Flowering trees can be one of the most pleasing indicators that spring has finally come. Bees buzzing from blossom to blossom, birds chirping and flying tree to tree. Everything comes to life in the spring. Most living things, plants and creatures alike, have a natural life cycle that follows certain times of the year. Trees and those that blossom in the springtime are no exception. But why do trees actually blossom in the spring and not during another season? There are several factors that go into answering this question.
Many scientists dedicate their research to understanding this exact process. Trained and certified arborists, like those at Mr. Tree Services, are among those who are knowledgeable about tree life and would be happy to answer any questions you might have about spring flowering trees. Generally speaking, however, the temperature, amount of sunlight, and the life cycles of other flora and fauna are actors that each have an impact on bringing springtime blossoms to life.
The temperature plays a key role in the flowering of trees. To understand why they flower in the spring, let’s start with what happens in the autumn. As the temperatures drop and the daylight lessens, meaning that warmth from sunshine decreases, the buds of the trees seal up to protect the tree from the cold, concentrating their energy on the health and growth of the internal parts of the trees.
When the temperatures get warmer in the spring, blossoms start to emerge. No longer needing to protect the tree from the cold, the buds and branches that have been dormant throughout the winter start receiving nutrients again. So budding trees are a sign that the weather is warming up in your area.
Trees Reach Their Minimum Cold Requirement
Trees have what scientists call a “minimum cold requirement,” which means that although plants don’t have a human-like measurement of timekeeping, scientists have found that in order for trees to bloom at a certain time, the temperatures need to have reached a cold enough degree and remain there for a certain number of consecutive days. The appropriate number of consecutively warmer days, too, is necessary for waking up the trees after the cold.
Sometimes, you might notice that your flowers have blossomed later in the year than previous springs. This is likely due to temperatures in autumn and winter. It could be a case of having a warmer autumn, which leads to having a later-blooming spring. When the frost hits, it’s crucial in determining when spring flowering trees come to life. Enough cold days to allow for dormancy followed by enough warm days to trigger blossoming is essential.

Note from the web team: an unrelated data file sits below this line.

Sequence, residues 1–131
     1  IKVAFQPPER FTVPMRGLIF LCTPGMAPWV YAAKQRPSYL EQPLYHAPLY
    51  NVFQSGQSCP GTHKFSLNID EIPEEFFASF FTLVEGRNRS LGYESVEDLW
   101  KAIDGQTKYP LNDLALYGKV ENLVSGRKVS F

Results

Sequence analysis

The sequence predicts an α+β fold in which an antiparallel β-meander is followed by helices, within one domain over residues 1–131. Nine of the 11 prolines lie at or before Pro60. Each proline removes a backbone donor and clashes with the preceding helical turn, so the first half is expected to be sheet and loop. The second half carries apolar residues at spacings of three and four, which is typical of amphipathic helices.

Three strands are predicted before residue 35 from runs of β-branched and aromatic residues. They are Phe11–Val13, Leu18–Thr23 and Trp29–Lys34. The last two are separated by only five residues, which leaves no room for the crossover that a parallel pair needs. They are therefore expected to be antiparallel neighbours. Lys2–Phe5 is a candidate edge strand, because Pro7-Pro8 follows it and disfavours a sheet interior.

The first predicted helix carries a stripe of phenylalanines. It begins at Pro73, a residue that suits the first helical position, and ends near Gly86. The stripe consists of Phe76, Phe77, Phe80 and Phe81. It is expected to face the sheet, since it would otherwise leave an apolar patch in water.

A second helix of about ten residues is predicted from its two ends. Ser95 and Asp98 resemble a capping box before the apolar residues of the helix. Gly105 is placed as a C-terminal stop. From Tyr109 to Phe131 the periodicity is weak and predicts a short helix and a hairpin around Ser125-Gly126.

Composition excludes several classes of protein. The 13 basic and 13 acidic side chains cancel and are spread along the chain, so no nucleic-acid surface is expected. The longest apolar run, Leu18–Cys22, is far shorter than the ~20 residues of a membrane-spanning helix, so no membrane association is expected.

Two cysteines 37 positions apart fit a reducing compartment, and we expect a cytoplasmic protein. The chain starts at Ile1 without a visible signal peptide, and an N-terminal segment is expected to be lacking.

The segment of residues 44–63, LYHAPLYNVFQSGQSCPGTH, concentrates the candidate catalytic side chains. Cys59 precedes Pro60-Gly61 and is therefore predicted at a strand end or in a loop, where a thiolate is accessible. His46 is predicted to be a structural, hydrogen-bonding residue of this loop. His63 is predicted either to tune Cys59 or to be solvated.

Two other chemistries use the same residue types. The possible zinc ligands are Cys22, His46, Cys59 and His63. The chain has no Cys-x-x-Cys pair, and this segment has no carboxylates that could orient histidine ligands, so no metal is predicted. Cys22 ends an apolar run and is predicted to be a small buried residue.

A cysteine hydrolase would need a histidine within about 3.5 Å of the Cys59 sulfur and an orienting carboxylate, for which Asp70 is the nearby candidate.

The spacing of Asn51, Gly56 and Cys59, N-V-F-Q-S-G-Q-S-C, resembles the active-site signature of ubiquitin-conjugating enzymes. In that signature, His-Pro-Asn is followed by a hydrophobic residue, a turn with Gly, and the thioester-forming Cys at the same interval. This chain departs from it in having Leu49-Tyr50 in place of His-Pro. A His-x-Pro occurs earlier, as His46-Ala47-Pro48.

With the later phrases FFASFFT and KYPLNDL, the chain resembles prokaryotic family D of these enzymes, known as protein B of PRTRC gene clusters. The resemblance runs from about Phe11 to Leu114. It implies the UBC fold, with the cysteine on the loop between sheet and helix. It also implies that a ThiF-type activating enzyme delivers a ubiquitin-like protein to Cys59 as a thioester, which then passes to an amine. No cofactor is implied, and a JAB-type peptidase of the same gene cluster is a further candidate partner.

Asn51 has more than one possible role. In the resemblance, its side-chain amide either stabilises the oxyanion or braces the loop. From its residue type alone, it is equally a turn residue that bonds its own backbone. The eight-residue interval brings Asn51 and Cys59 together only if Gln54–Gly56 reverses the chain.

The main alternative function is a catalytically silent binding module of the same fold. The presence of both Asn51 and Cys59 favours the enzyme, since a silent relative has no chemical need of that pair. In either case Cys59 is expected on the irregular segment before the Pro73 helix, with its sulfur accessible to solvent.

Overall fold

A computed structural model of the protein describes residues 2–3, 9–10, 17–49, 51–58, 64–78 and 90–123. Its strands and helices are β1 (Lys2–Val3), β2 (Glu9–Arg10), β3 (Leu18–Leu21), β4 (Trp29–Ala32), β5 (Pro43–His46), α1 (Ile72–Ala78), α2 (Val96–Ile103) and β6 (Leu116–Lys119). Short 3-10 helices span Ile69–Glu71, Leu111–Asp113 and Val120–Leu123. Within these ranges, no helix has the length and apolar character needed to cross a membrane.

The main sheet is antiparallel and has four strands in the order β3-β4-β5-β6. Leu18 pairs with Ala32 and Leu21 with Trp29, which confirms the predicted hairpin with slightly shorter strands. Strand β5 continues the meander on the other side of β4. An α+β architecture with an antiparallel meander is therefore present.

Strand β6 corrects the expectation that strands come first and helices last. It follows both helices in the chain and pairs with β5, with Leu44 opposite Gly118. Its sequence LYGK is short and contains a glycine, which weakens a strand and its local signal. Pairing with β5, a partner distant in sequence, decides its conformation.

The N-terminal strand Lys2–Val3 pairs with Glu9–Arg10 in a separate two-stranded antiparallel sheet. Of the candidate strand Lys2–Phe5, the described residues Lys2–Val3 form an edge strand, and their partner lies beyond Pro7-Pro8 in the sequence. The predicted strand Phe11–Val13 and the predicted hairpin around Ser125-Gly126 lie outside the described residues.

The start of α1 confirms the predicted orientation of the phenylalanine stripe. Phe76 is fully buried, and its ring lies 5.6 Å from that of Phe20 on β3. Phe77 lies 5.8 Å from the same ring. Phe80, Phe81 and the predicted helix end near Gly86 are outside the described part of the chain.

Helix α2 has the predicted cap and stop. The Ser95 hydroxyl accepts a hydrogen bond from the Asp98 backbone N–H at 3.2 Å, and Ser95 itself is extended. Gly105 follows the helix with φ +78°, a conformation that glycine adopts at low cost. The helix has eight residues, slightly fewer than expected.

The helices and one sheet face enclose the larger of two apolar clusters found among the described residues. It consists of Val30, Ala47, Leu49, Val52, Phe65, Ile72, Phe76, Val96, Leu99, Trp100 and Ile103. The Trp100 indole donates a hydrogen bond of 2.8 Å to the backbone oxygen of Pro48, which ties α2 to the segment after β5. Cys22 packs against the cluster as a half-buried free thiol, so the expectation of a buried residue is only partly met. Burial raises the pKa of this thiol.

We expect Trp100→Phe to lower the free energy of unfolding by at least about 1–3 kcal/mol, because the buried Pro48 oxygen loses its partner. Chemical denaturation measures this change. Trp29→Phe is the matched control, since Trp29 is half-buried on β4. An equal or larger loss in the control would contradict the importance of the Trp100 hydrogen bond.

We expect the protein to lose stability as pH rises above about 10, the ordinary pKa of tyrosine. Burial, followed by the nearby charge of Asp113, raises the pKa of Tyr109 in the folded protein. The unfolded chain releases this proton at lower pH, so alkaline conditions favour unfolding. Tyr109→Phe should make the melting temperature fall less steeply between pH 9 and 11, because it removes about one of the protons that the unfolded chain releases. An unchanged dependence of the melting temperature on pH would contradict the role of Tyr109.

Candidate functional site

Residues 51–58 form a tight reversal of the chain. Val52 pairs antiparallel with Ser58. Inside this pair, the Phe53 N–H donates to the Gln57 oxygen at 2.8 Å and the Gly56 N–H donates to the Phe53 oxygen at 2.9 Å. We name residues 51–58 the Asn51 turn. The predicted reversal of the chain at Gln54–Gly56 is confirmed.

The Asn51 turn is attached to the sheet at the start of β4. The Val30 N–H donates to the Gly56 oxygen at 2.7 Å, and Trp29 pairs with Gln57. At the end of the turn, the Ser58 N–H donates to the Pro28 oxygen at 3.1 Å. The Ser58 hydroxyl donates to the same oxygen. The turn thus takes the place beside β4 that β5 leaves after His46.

There is also less light in the autumn and winter. Trees won’t produce buds, flowers, or leaves when there is less sunlight. This means that the production of chlorophyll, the chemical that makes leaves green, slows down too. Less light means that the process of photosynthesis—how plants consume sunlight to produce food for themselves—slows down. This is a form of the self-preservation of energy during colder and darker times of the year. When more sunlight returns, photosynthesis can return in full force, allowing trees to produce flowers and leaves.
Buds Receive Nutrition
As mentioned above, when the cold sets in, a tree develops a temporary protective barrier between the flower or leaf, cutting it off from the food supply in winter when there is less heat, light, and rain. When it warms up again, the protective barrier lifts, allowing branches to feed the buds that will eventually grow into flowers or leaves.
Importance of Pollination
During dormant periods of cold and dark, trees conserve energy. When spring comes, many other creatures come to life too. Dormancy is crucial to pollination because the buildup of energy and resources the tree conserves allows for a burst of energy for the production of flowers to attract pollinators.
Springtime in the life cycle of a tree means that all of the focus is on producing brightly colored blossoms and fragrant aromas that will attract animals, insects, bats, and especially bees. As these pollinators travel from tree blossom to tree blossom, the pollen falls from their bodies and connects with other flowers on other trees. Pollination in the spring ensures fruit and seeds will follow in the summer and fall, allowing the tree to reproduce.
Fruit Tree Blossoms
Many spring flowering trees are actually producers of fruit. In the spring, the presence of sunlight and warmth triggers the sap to flow in the trees. With adequate rainfall, the root systems begin the work of slowly carrying nutrients from the soil up into the body of the tree. Like the bloodstream in a human body, tree sap carries nutrients to all areas of the tree, allowing trees to produce the flowers that will become their annual fruit.
The production of fruit is important to the life cycle of the tree. It attracts animals for reproduction purposes. Animals consume and digest the fruit, and once it has passed through the digestive system, it often ends up on the ground at a distance from the original tree, where it can grow, thus succeeding in the proliferation of that tree population.
Spring Flowering Trees for You
You might be asking, “Which type of spring flowering trees should I plant in my yard?” There are many varieties to choose from, among which are oak, maple, cherry, apple, and dogwood trees. All of these trees produce fragrant, brightly colored flowers each spring. Some of them produce fruit too, which might be another reason to plant them.
Maintaining trees of any kind requires persistent care, some more than others, but with spring flowering trees, you might choose to seek a professional arborist for your tree care needs. If you’re in the Portland, Oregon, area, call Mr. Tree Services for a conversation about how to keep your flowering trees fragrant and healthy year-round, ensuring the aesthetics of your yard are at their best each spring and throughout the year.